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Tuesday, 22 May 2018
Page: 4226


Mr BROAD (Mallee) (16:03): We've just handed down a budget, and in that budget the federal government have put $78.7 billion towards health. I just want to put that into perspective for people: if you take the total gross domestic product of the 40 poorest countries in the world and add that together, that is still less than what we spend as Australians on health. That's quite a phenomenal thing.

One of the things that the federal government has recently done is sign a five-year supply agreement to put $1 billion towards wiping out hepatitis C. Hepatitis C can now be cured. This is a miracle. There are more than 200,000 Australians with hepatitis C. The five-year supply agreement has some nice clauses in it, including the fact that the more people we treat, the price is capped. So if we can encourage more people to present to their doctor, to present to their GP, to get treated, and the more that get treated in those five years, then the less that will cost us as taxpayers.

We in this parliament are here to talk about things to break down stigma, to confront things like hepatitis C. A lot of people who have had hepatitis C have been drug users. They've got off drugs, but they might still have the disease. In the electorate of Mallee, looking at the statistics, we do have a higher than usual rate of hepatitis C, at 1.12 per cent of the population. Can I encourage you to put any stigma you might have aside, go and see your general practitioner and go and get treated. We can wipe this out. We can make you healthier. It's a great thing that, now, in this First World country, we can cure you of hepatitis C. I say to our GPs: can you be very proactive in encouraging people and make sure that you're talking to your colleagues about being aware that the federal government has done this.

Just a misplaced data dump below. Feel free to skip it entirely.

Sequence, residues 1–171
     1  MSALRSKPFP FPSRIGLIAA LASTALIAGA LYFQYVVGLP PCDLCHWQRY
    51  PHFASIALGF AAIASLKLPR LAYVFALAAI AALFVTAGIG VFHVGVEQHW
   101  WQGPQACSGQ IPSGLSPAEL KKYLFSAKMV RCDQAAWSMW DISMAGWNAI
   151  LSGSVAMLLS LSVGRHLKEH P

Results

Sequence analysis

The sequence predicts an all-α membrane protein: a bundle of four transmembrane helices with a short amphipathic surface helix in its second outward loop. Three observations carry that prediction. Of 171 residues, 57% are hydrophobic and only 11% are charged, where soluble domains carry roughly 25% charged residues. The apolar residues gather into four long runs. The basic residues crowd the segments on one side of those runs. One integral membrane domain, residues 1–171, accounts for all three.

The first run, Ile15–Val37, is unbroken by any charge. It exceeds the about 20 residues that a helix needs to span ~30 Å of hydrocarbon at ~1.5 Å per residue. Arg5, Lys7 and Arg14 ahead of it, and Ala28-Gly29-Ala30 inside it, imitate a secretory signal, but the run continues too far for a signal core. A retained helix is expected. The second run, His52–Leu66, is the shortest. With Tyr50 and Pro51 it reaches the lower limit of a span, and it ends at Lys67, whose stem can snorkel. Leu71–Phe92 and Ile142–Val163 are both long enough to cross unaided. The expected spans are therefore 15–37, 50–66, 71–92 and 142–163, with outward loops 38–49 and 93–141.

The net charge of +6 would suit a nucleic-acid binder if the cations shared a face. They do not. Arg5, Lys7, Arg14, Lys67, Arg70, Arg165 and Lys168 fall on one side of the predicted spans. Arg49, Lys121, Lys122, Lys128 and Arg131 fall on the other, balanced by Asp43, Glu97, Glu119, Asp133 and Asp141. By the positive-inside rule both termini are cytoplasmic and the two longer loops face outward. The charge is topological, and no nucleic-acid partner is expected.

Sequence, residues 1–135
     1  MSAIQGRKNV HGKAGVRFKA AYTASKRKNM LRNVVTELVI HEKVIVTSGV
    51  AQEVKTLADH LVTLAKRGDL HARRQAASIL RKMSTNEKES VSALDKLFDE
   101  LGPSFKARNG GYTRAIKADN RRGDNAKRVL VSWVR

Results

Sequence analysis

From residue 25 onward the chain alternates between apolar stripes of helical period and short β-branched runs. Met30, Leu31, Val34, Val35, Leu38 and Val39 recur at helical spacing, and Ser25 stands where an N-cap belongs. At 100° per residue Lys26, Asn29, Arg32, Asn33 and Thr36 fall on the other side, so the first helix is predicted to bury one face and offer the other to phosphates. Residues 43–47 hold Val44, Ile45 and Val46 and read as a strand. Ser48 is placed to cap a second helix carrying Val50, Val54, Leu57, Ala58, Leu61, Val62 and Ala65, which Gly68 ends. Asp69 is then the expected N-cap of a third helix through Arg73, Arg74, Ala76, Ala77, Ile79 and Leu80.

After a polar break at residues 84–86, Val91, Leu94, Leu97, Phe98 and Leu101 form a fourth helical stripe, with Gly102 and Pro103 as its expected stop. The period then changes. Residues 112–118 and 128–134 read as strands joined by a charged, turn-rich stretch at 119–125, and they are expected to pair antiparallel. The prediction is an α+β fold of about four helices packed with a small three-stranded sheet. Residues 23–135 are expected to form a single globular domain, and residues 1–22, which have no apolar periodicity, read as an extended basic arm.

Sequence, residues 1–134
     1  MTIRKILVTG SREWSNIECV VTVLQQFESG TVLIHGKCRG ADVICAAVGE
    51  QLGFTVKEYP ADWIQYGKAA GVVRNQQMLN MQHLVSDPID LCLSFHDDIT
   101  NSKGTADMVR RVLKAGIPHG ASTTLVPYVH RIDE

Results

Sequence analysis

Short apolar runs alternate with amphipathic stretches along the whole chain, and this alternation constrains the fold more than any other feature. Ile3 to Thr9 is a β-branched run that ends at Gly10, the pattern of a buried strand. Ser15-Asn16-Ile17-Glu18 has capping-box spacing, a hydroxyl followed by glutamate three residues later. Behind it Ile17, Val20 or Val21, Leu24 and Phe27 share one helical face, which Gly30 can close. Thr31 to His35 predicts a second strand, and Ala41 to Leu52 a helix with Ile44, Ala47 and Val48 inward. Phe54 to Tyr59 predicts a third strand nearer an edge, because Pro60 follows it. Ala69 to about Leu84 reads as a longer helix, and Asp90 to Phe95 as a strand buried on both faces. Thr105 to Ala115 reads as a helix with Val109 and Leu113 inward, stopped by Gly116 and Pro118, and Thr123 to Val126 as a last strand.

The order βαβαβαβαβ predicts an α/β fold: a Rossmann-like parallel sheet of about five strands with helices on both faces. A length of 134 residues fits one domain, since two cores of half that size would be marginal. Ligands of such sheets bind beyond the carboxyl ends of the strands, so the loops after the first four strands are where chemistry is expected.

The federal government has delivered a great initiative. We, as members of parliament, need to use ourselves as microphones—as megaphones—to talk about what can be done. There are people in your community, I'm sure, Deputy Speaker, and in other members' communities, who would have this disease, and they're probably not aware that we can now knock it over and knock it over for good. There is a five-year agreement funded by $1 billion. The more people we can treat, the less it costs us. Our great vision is that, by 2030, hepatitis C will no longer be a disease that Australians have. I think we can do this if we talk about this good agreement. I commend it to the people who live in the electorate of Mallee. Go to the doctor, get treated, and get well soon.